UK bans Binance under further crackdown on cryptocurrency market
Image credit: reuters
The Financial Conduct Authority (FCA) has banned Binance, one of the world’s largest cryptocurrency exchanges, from operating in the UK.
“Due to the imposition of requirements by the FCA, Binance Markets Limited is not currently permitted to undertake any regulated activities without the prior written consent of the FCA,” the regulator said.
“No other entity in the Binance Group holds any form of UK authorisation, registration or licence to conduct regulated activity in the UK.”
The new ruling, which will take immediate effect, follows a tumultuous year for cryptocurrencies, which have soared in value since the start of the pandemic but have also faced precipitous drops in recent months.
While cryptocurrency remains unregulated in the UK, offering trading services related to it does require authorisation.
Binance said in a statement that Binance Markets, which it acquired in 2020, was not yet using its regulatory permissions, and that the FCA’s move would not impact services offered on its Binance.com website.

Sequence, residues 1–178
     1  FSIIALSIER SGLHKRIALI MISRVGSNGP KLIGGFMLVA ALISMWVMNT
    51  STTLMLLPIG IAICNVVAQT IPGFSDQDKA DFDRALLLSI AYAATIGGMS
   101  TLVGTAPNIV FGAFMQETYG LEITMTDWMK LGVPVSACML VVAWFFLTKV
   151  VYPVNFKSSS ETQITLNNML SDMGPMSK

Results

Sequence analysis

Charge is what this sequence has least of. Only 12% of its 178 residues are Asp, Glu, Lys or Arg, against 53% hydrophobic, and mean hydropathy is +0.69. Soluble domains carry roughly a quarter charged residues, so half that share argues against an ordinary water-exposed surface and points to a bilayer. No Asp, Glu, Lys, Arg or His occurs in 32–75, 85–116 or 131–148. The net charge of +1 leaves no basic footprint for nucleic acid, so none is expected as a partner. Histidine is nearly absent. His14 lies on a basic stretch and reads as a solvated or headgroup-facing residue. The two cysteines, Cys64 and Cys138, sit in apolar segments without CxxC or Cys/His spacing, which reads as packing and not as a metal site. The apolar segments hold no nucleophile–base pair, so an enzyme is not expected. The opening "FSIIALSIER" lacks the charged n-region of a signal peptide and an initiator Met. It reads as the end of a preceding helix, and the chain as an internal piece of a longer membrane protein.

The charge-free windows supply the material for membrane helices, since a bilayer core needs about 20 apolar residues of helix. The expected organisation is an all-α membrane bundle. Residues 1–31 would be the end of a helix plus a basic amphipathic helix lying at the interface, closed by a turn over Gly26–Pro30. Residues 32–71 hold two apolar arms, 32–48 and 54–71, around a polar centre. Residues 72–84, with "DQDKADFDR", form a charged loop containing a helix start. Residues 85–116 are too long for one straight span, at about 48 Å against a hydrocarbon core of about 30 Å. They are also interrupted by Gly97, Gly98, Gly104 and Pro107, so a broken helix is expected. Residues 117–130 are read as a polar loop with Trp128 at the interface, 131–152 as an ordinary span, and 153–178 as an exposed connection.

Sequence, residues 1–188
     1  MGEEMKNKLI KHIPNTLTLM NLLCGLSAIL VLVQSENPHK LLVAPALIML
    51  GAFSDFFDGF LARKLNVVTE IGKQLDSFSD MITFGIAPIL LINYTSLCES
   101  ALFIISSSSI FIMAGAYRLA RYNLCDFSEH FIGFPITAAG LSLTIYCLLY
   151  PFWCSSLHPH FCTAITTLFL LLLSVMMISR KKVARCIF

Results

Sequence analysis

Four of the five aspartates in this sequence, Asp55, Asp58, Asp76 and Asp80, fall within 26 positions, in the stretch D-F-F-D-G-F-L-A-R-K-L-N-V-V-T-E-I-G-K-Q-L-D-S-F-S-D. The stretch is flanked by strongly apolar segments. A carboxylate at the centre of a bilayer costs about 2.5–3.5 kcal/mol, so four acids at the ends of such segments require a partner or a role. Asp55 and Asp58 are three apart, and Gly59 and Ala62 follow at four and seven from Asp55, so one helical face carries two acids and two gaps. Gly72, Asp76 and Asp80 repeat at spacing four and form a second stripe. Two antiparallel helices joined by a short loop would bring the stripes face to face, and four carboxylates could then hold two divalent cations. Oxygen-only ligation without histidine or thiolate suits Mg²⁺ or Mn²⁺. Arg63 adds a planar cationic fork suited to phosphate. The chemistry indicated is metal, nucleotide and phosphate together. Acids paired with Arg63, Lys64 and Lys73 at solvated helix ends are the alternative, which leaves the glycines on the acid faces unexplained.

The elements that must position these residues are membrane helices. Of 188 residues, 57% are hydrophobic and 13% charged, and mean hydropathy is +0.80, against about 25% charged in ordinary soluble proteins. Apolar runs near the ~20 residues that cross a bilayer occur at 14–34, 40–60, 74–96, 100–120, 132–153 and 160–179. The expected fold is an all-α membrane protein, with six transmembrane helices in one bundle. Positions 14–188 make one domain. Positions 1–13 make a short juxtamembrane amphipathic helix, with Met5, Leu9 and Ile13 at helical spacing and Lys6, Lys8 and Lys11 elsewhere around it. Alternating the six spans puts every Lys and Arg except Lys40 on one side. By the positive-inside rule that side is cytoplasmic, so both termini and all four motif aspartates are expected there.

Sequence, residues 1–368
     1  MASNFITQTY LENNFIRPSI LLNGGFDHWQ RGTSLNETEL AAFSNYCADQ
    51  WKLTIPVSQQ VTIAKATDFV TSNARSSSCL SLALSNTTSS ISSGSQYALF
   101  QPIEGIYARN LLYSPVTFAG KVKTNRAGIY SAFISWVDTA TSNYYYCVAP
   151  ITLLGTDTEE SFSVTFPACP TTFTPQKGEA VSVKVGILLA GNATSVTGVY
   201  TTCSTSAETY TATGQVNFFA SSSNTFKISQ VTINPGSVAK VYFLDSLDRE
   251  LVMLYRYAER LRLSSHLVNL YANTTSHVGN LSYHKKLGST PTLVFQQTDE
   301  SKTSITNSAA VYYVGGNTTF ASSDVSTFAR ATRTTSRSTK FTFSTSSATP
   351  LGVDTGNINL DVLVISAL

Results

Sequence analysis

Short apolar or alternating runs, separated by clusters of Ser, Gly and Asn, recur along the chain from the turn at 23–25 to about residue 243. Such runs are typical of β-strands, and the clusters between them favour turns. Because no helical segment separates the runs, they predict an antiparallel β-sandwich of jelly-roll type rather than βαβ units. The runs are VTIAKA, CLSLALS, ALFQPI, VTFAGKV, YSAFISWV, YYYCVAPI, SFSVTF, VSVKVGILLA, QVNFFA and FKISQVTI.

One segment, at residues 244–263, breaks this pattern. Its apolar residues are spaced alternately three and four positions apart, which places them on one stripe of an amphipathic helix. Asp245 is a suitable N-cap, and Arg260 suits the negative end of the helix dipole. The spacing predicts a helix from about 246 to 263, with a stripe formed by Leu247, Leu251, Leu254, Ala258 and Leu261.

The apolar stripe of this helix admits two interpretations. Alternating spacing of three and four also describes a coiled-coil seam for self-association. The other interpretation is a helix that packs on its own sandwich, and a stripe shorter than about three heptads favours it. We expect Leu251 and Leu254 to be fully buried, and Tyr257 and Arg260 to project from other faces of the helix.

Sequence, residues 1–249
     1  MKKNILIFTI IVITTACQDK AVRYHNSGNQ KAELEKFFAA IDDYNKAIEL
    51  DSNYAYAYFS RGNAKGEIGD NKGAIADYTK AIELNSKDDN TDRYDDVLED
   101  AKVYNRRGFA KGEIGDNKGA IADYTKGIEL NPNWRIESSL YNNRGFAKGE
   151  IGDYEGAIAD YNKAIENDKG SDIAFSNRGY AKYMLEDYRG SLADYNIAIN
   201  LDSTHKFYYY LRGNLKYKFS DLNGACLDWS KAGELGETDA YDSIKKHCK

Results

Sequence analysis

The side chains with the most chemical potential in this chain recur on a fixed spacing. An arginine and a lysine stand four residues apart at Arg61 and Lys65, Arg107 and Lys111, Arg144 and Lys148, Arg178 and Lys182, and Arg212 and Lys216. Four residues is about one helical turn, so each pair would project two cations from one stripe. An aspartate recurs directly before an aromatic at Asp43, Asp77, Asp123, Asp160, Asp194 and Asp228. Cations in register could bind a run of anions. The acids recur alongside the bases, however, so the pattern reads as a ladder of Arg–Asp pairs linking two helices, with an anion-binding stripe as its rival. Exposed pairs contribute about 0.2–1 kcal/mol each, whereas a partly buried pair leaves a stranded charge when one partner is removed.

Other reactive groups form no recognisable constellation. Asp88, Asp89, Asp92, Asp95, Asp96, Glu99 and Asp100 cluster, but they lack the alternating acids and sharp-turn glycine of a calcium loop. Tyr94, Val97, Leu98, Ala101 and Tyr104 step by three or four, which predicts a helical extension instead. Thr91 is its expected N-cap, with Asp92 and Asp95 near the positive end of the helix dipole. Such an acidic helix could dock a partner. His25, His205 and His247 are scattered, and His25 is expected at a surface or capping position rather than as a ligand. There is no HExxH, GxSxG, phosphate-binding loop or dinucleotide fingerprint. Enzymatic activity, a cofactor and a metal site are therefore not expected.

“We take a collaborative approach in working with regulators and we take our compliance obligations very seriously. We are actively keeping abreast of changing policies, rules and laws in this new space,” a spokesperson said.
By 30 June, Binance is obliged to display a notice on its website and social media channels that it is not permitted to undertake any regulated activity in the UK.
Japan’s regulator issued similar actions against Binance last week, while the US Justice Department and Internal Revenue Service are reportedly investigating the firm over possible money laundering and tax offences.
While the FCA did not give a full explanation as to why it has taken this measure, it did issue a broader warning about the crypto market, noting that consumers are not covered by the Financial Services Compensation Scheme.
The extreme volatility of the market has made regulators across the world begin to crack down harder over concerns that consumers could lose large chunks of their investment. Bitcoin, which currently has the biggest market capitalisation, has fallen in value by nearly 50 per cent since mid-April.
In May, China tightened its regulations by banning institutions from offering cryptocurrency registration, trading, clearing, and settlement. This caused the price of Bitcoin, Ether and others to plummet over night.
Last week, Scotland Yard seized £114m of Bitcoin as part of an investigation into money laundering offences.
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